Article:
Gorsuch vows to stand up to Donald Trump if necessary
Supreme Court nominee grilled by senators about views on abortion, guns and torture
Neil Gorsuch testifies during the second day of his Senate hearing. The judge’s nomination to the Supreme Court is expected to be confirmed. Photograph: Justin Sullivan/Getty
In the second day of his confirmation hearing at the US senate Mr Gorsuch batted questions from Republican and Democratic lawmakers on his independence and suitability for the post, with the 49-year-old judge facing tough questions from Democrats about his views on abortion, gun control and the use of torture.
Asked by Republican Lindsey Graham what he would have done if Mr Trump had asked him to overturn Roe v Wade, the 1973 judgment that established the right to abortion, he replied: “Senator, I would have walked out the door. That’s not what judges do”, adding that he leaves his “personal views” at home.
Similarly he defended his independence when questioned by Democratic senator Dianne Feinstein about the Supreme Court’s 2008 ruling in District of Columbia V Heller case, affirming the right of people to keep guns in their homes for self-defence. “Whatever is in Heller is the law and I follow the law. It’s not a matter of agreeing or disagreeing,” he said.
Still, Mr Gorsuch successfully managed to sidestep questions about how he would rule on certain cases, despite Democrats raising previous cases and instances from his past, including a complaint brought by two former students about alleged comments he made that women needed to inform their employers about their pregnancy intentions.
While Mr Gorsuch is expected to be confirmed, eight democrats are needed to support his nomination. If a 60-40 majority is not secured, Senate majority leader Mitch McConnell has indicated he is prepared to use the “nuclear option” and override the rule that demands a 60-40 majority to confirm a Supreme Court nominee.
Democrats are still smarting over Republicans’ refusal to consider president Barack Obama’s nominee Merrick Garland to fill the seat left on the court by the death of Antonin Scalia. Senator Pat Leahy said he was not prepared to “rubber-stamp a nominee”, while minority Senate leader Chuck Schumer said: “Republicans held this Supreme Court seat open for nearly a calendar year while President Obama was in office but are now rushing to fill the seat for a president whose campaign is under investigation by the FBI.”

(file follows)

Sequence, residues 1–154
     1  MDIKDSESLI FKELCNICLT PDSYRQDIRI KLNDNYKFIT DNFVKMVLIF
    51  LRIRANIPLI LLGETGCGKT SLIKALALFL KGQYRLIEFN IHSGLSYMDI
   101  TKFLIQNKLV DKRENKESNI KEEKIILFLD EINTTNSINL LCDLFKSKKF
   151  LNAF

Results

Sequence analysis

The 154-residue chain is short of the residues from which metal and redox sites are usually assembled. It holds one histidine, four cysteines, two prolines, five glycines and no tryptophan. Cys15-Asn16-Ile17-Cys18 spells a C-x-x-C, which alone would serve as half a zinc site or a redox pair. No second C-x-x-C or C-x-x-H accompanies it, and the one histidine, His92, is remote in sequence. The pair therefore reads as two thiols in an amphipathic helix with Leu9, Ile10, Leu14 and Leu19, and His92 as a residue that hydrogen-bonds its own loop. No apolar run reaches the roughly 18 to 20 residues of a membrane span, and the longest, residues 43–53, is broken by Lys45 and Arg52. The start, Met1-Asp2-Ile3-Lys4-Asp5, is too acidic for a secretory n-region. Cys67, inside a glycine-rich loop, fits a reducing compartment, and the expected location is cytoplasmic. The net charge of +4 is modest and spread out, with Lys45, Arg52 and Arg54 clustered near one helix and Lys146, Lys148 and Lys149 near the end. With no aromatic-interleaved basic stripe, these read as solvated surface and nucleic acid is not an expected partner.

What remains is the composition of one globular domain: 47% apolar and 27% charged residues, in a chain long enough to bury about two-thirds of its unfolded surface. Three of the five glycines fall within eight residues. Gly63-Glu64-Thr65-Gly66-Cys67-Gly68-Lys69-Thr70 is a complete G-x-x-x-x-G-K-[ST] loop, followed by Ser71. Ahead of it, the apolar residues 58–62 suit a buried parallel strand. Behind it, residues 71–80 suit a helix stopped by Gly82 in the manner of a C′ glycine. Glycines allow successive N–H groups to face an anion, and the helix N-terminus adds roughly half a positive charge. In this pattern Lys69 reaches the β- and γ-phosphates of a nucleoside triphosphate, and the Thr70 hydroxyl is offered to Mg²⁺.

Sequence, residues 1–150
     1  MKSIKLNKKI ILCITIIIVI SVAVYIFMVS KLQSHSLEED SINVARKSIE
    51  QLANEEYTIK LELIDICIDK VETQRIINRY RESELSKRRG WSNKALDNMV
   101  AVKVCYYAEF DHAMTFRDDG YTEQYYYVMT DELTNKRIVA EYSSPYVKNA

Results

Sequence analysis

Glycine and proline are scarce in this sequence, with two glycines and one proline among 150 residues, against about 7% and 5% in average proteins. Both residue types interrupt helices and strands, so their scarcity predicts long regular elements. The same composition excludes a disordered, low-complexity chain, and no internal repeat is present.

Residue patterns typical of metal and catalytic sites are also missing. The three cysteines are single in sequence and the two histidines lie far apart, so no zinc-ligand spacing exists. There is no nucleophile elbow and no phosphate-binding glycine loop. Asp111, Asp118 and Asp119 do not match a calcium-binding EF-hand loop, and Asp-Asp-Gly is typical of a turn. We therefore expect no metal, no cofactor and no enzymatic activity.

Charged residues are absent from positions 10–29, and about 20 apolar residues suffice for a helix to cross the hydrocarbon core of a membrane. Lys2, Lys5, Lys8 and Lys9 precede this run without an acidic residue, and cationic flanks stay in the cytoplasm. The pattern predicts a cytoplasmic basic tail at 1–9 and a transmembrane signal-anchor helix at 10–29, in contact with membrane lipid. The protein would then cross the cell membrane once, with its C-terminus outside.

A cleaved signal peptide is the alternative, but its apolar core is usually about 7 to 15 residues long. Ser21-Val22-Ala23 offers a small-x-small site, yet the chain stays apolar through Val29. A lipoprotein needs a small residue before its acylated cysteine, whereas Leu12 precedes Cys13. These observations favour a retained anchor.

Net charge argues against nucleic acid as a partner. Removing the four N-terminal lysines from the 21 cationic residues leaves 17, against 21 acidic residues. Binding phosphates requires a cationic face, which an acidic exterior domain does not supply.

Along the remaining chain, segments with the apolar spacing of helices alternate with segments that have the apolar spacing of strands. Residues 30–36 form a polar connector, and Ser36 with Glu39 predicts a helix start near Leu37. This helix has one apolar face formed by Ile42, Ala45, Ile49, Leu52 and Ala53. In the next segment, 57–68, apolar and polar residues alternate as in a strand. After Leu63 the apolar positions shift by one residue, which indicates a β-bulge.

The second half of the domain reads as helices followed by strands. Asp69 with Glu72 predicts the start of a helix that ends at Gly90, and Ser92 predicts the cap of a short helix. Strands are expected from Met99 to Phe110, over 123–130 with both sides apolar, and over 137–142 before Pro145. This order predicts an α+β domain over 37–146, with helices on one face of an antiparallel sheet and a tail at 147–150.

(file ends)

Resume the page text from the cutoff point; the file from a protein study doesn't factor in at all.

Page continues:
With Mr Gorsuch’s Senate hearing scheduled to continue throughout the week, on the other side of the US Capitol, the House of Representatives was racing to secure enough votes to support the Republican proposal to repeal and replace Obamacare ahead of an expected vote later this week.
Mr Trump met privately with House Republicans on Tuesday in order to drum up support for the Bill, which has been championed by House speaker Paul Ryan. Speaking after the closed-door meeting, the president told reporters: “We had a great meeting, terrific meeting . . . I think we’ll get the vote.”
Mr Trump also urged the crowd at his “Make America Great Again” rally in Kentucky on Monday to support the new plan. “We want a very big tax cut, but cannot do that until we keep our promise to repeal and replace the disaster known as Obamacare,” he told the crowd of thousands. “This is our long-awaited chance to finally get rid of Obamacare.”
Even if it passes the House, the replacement proposal, known as the American Health Care Act, is likely to face opposition from some conservative Republicans in the Senate, who oppose elements of the bill, and are demanding changes.